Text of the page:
At Pitt-Bradford, 15-year mailroom veteran Colleen Gleason noted, “They have book rush in the bookstore; I have book rush in the mail center these days.” One day last week, she received 84 packages just from the U.S. Postal Service, not counting those shipped by other carriers. Of them, about 75 contained books, she estimated. Not only is a significant portion of the campus’s 660 students buying books online, they’re also selling them online as well, adding to the numbers of outgoing parcels Gleason processes.

Gus Tytke, assistant director of mailing services on the Pittsburgh campus, said six student mail centers in Pittsburgh process about 800,000 pieces of mail each year, including 50,000 packages, for the campus’s approximately 5,950 resident students.

He noted that the mail is concentrated during the nine months of the fall and spring terms, with only a fraction of the mail arriving during the summer, when few students are living on campus.

Over the last five years, mail volumes on the Pittsburgh campus have fluctuated by no more than 1 percent a year, Tytke said. “The volume of letters has remained approximately the same as prior years; however, we have seen a slight increase in the number of packages we are processing. This can be attributed to both an increase in resident students and Internet sales,” he said.

Kim Renziehausen agreed that in her six years in the Litchfield Towers mailroom, she’s seen no significant increase. But, she said, “ is huge. We probably get 100 packages a day just from”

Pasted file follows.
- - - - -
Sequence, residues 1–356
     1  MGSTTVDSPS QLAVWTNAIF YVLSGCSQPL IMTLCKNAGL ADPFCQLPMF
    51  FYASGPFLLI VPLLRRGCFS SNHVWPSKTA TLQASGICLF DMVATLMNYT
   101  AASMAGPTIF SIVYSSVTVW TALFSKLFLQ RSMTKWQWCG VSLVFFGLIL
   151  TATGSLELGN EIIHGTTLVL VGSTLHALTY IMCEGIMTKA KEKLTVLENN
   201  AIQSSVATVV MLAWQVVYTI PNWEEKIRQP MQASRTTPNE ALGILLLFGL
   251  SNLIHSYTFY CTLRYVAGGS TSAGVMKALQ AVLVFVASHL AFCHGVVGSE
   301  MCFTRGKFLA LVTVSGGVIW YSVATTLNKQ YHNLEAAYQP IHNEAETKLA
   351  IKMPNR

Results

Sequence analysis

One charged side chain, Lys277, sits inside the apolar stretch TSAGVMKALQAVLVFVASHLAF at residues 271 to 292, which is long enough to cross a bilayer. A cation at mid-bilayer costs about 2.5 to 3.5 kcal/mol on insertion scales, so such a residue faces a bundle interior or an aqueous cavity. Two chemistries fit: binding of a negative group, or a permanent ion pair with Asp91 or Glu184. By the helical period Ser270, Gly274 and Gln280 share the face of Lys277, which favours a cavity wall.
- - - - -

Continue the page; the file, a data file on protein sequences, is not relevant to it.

And it’s not just books arriving. “They order everything,” she said of students. “We got a mandolin in yesterday.”

Lisa Maybray of Pitt-Titusville notes that students often have large items shipped directly to campus rather than bring them to campus in the family van. She recently saw several dorm refrigerators arrive for students.

“A kid had a big-screen TV come in here,” UPB’s Gleason said, adding that she asked him to pick up the oversized item immediately so she could regain a bit of elbow room.

Last year, one UPG student received a car bumper and an exhaust pipe that arrived in a nine-foot-long box. “I had to call him because I just don’t have room here for a nine-foot box,” Bower said.

Sometimes the big items just aren’t keepers. At UPJ last semester, some residents received an entire gym system they hoped to set up in their dorm room — six or eight UPS boxfuls, Dupnock said. UPJ’s Housing office balked at the amount of equipment the students wanted to cram into their room, so the equipment had to be returned. Although the students were displeased, “We sent it right back,” Dupnock said.

At UPB, general online shopping results in lots of deliveries on campus. Thanks to the campus’s rural location, fashion-conscious shoppers with a taste for styles not found at the local Wal-Mart must either trek to Erie or Buffalo, or buy online. Gleason sees the evidence in the numbers of packages from retailers such as Abercrombie & Fitch, American Eagle and other student favorites.

eBay also contributes to mailroom volumes — in both incoming and outgoing parcels.

Dupnock and Bower both said they have a handful of avid eBayers among the student body who have become regular shippers and receivers.

Care packages add to the volume of student mail, although nowadays Bower is seeing more coming directly from The Popcorn Factory and similar treat purveyors.

At the other end of the spectrum is some truly unusual mail. A banana that was mailed to the dorms wasn’t quite up to the trip. “When the Post Office brought it here, it was rotting and they had to put it in a bag,” Renziehausen said.

She also recalls receiving a coconut addressed to one Pitt resident, and a single shoe with postage affixed to it. No packaging, “just a shoe,” she said.

“They send everything they want.”

—Kimberly K. Barlow